Mr Johnny Depp is no stranger to gangster movies. From Donnie Brasco and Blow to Public Enemies, he has experience of the world of big screen organised crime. Black Mass carries on this trend with Depp at the top of his game in this violent fact based drama from director Scott Cooper. He plays James “Whitey” Bulger, a Boston mob boss who used the FBI to get rid of his rivals. Joel Edgerton is the FBI agent who thinks he can keep Whitey on a leash and use him to further his career. Sounds good doesn’t it?
The first feeling I had when watching Black Mass was “this is a bit like Goodfellas but not as good”. You can probably stop reading now as that statement sums the film up pretty well. The makers have obviously been inspired by Martin Scorcese’s genre classic but by inviting the comparison it immediately reveals its shortcomings. There aren’t many scenes that blow you away or punch you in the gut like in the classic gangster films. It’s main selling point is Johnny Depp acting a creepy old bastard.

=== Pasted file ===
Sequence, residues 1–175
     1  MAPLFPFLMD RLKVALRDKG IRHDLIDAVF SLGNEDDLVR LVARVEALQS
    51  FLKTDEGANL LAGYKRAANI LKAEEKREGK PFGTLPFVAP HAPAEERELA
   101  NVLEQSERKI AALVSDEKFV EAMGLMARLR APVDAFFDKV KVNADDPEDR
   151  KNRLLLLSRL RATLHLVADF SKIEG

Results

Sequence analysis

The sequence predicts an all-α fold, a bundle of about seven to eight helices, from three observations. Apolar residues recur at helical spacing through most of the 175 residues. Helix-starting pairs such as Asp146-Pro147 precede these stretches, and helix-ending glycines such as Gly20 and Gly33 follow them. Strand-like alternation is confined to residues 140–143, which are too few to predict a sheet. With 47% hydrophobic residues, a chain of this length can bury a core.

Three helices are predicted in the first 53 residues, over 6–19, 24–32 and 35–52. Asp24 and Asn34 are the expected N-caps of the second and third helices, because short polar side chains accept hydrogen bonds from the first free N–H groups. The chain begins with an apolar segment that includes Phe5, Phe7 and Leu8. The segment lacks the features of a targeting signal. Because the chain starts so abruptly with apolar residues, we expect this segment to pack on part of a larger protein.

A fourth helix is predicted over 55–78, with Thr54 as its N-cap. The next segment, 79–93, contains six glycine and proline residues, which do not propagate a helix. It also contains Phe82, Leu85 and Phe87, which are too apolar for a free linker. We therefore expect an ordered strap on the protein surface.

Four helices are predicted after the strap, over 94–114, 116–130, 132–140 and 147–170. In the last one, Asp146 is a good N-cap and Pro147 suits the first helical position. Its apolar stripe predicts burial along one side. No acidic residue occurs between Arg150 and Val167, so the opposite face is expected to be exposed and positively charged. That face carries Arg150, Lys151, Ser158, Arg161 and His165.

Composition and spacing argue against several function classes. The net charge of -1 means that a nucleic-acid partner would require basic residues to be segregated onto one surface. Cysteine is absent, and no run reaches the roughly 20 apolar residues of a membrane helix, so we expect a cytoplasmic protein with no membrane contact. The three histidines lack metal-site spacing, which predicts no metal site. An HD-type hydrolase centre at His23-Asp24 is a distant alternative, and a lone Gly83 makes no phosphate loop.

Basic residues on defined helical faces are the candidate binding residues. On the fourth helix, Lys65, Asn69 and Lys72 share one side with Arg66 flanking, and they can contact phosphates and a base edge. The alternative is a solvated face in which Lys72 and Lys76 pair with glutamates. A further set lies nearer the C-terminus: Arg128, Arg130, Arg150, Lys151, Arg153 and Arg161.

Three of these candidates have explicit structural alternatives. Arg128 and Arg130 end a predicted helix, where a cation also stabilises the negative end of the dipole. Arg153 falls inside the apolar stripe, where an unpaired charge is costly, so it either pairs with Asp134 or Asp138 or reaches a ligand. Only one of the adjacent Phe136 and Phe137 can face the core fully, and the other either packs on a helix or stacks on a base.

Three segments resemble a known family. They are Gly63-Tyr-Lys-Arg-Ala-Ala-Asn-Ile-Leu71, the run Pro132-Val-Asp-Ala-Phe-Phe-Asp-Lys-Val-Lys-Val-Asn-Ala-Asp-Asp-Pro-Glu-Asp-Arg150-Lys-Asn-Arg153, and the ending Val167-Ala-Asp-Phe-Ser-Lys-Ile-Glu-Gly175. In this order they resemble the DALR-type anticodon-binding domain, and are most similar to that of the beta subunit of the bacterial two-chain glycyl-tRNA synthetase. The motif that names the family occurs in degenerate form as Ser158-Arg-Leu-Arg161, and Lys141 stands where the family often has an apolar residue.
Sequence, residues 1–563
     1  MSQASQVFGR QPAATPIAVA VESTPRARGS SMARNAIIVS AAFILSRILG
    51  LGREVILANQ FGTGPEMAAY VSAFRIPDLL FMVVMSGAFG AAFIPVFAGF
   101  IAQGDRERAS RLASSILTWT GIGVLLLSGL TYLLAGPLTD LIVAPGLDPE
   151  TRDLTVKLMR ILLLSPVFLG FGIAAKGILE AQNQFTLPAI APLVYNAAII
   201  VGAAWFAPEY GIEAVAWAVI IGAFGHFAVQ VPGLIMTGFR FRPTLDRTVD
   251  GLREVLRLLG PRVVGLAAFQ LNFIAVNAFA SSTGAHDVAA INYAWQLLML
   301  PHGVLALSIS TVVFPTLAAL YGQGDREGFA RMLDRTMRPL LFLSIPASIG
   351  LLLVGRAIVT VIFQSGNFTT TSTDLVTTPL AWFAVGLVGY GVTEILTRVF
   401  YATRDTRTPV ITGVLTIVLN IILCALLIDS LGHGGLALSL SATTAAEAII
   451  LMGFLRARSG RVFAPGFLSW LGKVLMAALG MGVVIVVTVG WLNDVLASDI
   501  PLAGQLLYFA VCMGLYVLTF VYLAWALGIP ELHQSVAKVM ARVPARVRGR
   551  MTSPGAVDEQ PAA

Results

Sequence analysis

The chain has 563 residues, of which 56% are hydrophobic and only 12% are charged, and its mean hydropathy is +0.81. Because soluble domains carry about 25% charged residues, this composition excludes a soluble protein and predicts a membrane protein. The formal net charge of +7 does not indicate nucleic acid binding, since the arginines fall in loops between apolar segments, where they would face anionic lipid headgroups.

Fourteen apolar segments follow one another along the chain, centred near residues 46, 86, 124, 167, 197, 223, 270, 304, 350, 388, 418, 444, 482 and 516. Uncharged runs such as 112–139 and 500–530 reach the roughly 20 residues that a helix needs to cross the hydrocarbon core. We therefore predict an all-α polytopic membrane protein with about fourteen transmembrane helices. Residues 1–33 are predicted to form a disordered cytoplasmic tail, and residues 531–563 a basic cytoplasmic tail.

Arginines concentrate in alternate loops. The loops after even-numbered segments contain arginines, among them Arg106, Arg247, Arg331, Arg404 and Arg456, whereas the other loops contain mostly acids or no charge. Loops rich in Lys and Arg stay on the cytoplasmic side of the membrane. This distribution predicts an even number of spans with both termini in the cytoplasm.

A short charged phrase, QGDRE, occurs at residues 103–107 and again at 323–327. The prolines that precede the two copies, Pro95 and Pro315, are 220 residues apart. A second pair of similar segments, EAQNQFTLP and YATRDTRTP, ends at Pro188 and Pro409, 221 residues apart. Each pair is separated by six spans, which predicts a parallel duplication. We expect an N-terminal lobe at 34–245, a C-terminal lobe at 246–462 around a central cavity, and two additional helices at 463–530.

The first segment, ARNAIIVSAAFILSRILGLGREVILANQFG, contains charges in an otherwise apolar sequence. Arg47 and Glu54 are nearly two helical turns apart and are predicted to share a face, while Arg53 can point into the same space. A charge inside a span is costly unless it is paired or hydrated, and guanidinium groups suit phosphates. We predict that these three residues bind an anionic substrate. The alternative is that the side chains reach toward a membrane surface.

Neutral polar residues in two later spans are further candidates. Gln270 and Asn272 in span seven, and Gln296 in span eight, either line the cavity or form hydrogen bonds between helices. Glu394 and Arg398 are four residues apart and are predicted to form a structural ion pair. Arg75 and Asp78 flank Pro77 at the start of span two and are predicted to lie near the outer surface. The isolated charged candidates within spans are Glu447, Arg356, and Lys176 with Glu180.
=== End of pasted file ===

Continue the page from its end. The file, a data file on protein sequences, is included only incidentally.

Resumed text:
This leads me to the best thing about the movie – the fantastic cast. Big hitters like Depp, Kevin Bacon, and Benedict Cumberbatch are joined by up and comers such as Joel Edgerton, Corey Stoll, and Adam Scott in his most notable dramatic role since his erotic part in Hellraiser 4. The female parts are limited to the wives of the main men but Dakota Johnson and Julianne Nicholson make the best of what they’ve got. However it’s Depp we came to see and he’s excellent. I thought it would be another gimmicky Depp dressing-funny-with-a-weird-voice role but he actually brings Whitey chillingly to life. He looks like some kind of ancient vampire with his gaunt appearance and piercing blue eyes.
It’s a shame the writers and director haven’t put in as much effort to the main character as Depp has. We never really get into the head of the man meaning its Edgerton’s character that has a much more interesting story arc. Also the plot just skims the surface of what Bulger’s criminal empire actually did, only focussing on the crazy things Whitey did. Black Mass is a solid if uninspiring example of the true crime gangster genre. It’s inspirations are obvious and it fails to tread its own path, never emerging from the shadows of much better mob movies. Great performances and a good portrayal of Boston in the 70s and 80s mean Black Mass is worth a watch if you’re a fan of the genre or want to lose the crush you have on Johnny Depp.
What do you think of Black Mass? Have you ever been the head of a mafia-style criminal mob? Does the Boston accent make you giggle like it does me? Let me know in the comments below.